SpaceX will give Starlink launch another go after weekend abort

SpaceX will give Starlink launch another go after weekend abort
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SpaceX is set to give the launch of its latest batch of Starlink broadband satellites another go after aborting a weekend attempt.

The 16th batch of Starlink satellites was scheduled to launch at 9:56pm EST on Sunday with the 45th Space Wing forecasting the weather to be 70 percent a “go”. Unfortunately, the SpaceX team was forced to call it off.

“Hold, hold, hold,” SpaceX’s launch director said in a live audio webcast just 30 minutes from launch. “We’re standing down from today’s attempt for additional mission assurance.”

The rocket carrying Starlink’s satellites marks a historic 100th launch of a Falcon 9 and will be the seventh to use reusable booster—setting a new record. SpaceX says its current Falcon 9’s should fly at least 10 times, if not more.

On Saturday, a Falcon 9 was successfully launched from Vandenberg Air Force Base. That rocket carried a groundbreaking ocean-mapping satellite for NASA and the European Space Agency called the Sentinel-6 Michael Freilich.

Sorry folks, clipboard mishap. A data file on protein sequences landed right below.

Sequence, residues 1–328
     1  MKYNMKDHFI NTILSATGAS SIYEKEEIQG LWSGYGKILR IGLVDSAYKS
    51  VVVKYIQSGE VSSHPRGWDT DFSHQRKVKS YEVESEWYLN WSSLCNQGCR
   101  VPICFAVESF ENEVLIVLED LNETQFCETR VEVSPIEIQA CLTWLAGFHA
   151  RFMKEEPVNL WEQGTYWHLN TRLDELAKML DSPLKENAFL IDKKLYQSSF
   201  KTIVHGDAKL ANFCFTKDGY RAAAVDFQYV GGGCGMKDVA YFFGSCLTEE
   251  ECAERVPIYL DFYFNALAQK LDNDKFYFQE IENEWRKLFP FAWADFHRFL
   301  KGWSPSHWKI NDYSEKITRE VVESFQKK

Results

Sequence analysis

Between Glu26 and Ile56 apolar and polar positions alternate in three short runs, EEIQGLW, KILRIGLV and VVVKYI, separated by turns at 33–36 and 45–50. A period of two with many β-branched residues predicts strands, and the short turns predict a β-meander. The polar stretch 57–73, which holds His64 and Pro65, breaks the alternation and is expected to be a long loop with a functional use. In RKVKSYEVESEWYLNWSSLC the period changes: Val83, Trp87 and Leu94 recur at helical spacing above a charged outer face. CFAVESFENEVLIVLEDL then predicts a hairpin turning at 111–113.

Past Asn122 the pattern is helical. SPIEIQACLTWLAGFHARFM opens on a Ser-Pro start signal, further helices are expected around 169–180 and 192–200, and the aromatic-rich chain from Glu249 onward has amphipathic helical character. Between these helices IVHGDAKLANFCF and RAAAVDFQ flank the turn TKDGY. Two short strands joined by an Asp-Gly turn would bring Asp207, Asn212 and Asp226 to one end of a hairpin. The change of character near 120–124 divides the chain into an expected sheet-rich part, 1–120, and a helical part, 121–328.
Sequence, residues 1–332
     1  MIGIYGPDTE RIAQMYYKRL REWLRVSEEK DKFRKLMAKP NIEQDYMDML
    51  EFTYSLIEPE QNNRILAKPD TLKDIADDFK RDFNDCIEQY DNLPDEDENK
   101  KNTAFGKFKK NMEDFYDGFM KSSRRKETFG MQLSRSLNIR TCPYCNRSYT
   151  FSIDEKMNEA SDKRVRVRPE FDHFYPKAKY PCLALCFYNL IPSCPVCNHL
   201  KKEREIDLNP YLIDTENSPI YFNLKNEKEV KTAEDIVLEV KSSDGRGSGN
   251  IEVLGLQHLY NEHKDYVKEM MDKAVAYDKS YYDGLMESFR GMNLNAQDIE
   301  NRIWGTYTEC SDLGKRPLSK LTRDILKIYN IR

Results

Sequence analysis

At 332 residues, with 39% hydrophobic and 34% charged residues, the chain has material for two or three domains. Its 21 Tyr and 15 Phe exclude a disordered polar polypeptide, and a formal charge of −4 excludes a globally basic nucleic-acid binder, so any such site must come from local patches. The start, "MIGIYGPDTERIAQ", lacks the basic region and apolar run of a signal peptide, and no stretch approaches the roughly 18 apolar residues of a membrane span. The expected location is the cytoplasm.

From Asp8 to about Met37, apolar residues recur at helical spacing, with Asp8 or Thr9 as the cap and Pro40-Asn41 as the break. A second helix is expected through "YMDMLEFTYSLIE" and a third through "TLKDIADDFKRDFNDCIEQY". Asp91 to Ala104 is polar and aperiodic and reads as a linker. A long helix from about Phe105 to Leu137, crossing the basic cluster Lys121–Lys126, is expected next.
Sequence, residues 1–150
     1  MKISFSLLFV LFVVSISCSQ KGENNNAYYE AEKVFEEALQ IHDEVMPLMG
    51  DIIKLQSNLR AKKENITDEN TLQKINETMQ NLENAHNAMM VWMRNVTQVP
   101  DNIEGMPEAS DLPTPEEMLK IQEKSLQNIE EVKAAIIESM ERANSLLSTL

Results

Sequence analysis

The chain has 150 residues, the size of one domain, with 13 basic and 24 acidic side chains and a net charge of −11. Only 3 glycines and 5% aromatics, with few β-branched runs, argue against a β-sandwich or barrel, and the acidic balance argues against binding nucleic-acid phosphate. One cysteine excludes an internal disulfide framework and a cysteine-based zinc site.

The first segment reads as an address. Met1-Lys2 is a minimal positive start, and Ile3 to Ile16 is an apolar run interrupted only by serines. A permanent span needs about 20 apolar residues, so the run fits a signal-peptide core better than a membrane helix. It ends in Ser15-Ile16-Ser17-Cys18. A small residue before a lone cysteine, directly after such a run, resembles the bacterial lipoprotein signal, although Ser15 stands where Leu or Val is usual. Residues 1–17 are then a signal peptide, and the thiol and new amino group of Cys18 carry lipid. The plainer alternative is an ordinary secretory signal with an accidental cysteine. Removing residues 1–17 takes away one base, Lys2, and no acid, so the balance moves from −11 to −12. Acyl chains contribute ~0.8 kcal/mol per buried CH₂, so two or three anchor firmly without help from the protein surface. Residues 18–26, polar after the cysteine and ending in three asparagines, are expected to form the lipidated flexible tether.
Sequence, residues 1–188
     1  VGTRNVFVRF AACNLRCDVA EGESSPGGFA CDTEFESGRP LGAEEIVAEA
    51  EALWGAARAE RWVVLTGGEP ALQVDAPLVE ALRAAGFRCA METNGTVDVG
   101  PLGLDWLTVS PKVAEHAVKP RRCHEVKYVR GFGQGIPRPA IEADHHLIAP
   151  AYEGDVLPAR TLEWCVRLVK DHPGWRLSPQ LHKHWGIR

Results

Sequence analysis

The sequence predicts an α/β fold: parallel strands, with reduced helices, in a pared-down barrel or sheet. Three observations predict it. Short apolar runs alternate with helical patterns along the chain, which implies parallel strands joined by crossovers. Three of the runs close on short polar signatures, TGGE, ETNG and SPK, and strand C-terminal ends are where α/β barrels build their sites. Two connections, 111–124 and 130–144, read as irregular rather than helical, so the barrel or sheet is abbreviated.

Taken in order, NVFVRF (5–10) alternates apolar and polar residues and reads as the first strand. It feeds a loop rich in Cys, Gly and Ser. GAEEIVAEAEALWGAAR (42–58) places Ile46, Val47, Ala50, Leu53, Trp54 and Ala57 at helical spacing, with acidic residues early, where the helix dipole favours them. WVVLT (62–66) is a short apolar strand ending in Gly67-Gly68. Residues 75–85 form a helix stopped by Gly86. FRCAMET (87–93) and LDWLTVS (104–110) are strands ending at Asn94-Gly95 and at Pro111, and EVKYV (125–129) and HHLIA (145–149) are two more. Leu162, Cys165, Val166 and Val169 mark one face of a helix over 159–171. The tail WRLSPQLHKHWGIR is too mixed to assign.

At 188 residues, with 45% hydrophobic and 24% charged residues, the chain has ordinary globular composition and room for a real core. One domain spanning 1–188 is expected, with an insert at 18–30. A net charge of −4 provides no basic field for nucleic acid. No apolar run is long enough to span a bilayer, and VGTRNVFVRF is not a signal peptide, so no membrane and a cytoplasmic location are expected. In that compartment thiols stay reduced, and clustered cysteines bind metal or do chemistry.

Freilich was the head of NASA’s Earth science division who sadly died of cancer in August. The two space agencies decided to name the satellite after Freilich prior to his death, a well-deserved honour rarely given to living scientists.

The $97 million 2,628-lb. (1,192 kilograms) Sentinel-6 Michael Freilich satellite will support NASA’s three-decade-long effort to document rising sea levels. A second identical satellite is set to launch in 2025.

SpaceX will attempt another launch of its Starlink satellites tonight (Monday 23rd November) at 9:34pm EST. Considering the date, it’s coincidental the launch – if it goes ahead – will be the 23rd Falcon 9 launch of the year.

Early tests of Starlink show promise. Current download speeds range from 11-62 Mbps and upload speeds between 6-18 Mbps. Ping speeds range between 20-94ms. SpaceX CEO Elon Musk has said that, when fully optimised, the system should deliver speeds of up to 1Gbps per user.

(Image Credit: Starlink Mission by SpaceX under CC BY-NC 2.0 license)

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